Friday, 16 June 2017

Catholic bishops tell of ‘hostility’ and ‘persecution’

A newly ordained Catholic priest has been warned about the hostility he will face in a changed Ireland.

Image result for father billy caulfield

Bishop of Ferns Denis Brennan told Fr Billy Caulfield how at times “you will feel the anger/hostility people have for the church in general directed at you.”

The ordination was at St James’s church in Horeswood, Co Wexford.

“There is a lot of concern in church circles these days about the future. This is understandable given the volume of criticism and negativity directed at the church over recent times,” Bishop Brennan said. “In these Pentecost days we need to cast off our fears too, we are not the first generation of Christians to worry and wonder about the future. In every age people have written the obituary of the church and our age is no exception.”

Bishop Brennan is the second Catholic bishop in recent days to address the issue of increased hostility towards the church in Ireland.

Image result for bishop leo o reilly

In Cavan last week Bishop of Kilmore Leo O’Reilly spoke of a “hostility to the church that is now a settled part of our society’s culture. People from abroad are often astonished at the antipathy to the church displayed in our country.” Bishop O’Reilly said “I don’t think you have to be paranoid” to believe that there is a kind of persecution of the church taking place in Ireland.

“It is not physical persecution but it is no less real for that. It is more subtle. It takes the form of gradual exclusion of church people or activities from the public space,” he said.


DENIS BRENNAN says that people are "angry and hostile" towards the Roman Catholic Church.

He is right!

We are!

And our anger is the same as Christ's anger when he went into the Temple with a whip and threw those who were using and abusing the House of God out of it!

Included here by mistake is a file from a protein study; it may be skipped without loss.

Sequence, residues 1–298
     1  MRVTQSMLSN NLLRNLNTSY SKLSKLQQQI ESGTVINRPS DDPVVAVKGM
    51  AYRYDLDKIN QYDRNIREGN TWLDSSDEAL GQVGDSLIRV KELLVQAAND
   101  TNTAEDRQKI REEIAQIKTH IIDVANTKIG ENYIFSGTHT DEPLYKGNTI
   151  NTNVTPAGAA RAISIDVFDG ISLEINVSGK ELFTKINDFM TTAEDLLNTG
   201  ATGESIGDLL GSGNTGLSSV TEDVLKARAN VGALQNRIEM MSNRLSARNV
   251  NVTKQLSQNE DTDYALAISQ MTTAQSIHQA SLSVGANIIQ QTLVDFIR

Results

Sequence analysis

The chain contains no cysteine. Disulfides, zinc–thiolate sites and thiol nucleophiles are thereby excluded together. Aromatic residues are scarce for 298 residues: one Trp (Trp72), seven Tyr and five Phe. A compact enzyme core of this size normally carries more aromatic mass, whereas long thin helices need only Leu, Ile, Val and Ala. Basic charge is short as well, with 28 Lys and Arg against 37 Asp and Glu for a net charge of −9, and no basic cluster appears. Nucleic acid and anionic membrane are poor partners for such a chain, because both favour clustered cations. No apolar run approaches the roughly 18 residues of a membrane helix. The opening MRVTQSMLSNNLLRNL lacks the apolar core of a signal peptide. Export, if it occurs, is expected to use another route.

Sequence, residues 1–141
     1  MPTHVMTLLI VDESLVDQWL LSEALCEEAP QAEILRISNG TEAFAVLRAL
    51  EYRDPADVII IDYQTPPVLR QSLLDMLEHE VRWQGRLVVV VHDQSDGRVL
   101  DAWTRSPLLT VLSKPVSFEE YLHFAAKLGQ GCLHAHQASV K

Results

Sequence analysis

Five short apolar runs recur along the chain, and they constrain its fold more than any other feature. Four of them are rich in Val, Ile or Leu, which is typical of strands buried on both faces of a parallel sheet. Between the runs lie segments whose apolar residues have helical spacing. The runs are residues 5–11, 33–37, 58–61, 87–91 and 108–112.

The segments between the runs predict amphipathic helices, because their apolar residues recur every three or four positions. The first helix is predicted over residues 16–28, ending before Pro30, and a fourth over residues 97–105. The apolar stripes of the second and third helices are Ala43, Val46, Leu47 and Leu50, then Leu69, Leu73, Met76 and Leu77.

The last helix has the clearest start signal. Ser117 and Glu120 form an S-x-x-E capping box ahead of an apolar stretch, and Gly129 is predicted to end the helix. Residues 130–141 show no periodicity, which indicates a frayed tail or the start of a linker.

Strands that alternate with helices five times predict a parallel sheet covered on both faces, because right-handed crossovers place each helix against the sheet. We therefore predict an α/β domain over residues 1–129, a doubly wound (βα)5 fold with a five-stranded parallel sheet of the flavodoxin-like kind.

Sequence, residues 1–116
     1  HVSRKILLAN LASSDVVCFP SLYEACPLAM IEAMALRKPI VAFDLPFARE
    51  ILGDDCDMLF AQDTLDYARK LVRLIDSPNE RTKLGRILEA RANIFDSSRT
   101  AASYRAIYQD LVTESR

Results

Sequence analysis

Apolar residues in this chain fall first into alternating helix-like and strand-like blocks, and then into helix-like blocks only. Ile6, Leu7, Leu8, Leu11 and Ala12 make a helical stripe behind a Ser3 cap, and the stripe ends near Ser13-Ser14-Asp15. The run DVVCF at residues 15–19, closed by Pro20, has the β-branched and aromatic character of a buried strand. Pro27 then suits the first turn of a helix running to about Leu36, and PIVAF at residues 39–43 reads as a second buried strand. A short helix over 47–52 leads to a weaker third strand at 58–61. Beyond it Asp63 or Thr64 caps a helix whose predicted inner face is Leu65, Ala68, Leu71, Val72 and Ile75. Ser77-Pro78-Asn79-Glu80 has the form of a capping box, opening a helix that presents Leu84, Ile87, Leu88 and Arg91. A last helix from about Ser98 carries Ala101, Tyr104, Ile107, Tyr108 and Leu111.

We are not angry with the RC institution because of its doctrines of transubstantiation, papal infallibility, the Assumption of Saint Mary into heaven etc.

Many Catholics agree with these doctrines to a greater or lesser degree.

There are other reasons we are angry with you:

1. We are angry because so many innocent little children were abused by you and yours.

2. We are angry that you covered up - and are still covering up - for these abusers.

3. We are angry about what you did to our young women in your Magdalen Laundries.

4. We are angry about the Tuam Babies.

5. We are angry because the head of your church in Ireland locked two little boys in a room and asked them if they enjoyed their abuse, if they got erections when BRENDAN SMYTH molested them.

6. We are angry because you are still allowing this man SEAN BRADY into parishes to celebrate Confirmation and allow him to give the Raphoe Priests Retreat next Monday.

7. We are angry because you have allowed the national seminary of Maynooth to become a place of disrepute.

8. We are angry because you and yours allowed little children to starve to death in your baby homes. 

9. We are angry because you are continuing to ordain unsuitable men to the priesthood to cause havoc in the future.

10. We are angry because you hide people like Archbishop Marchinkus and Cardinal Pell to hide in your Vatican.

Denis and Leo - do you not get it?

Why do you not get it?

Are you that out of touch in your ivory towers?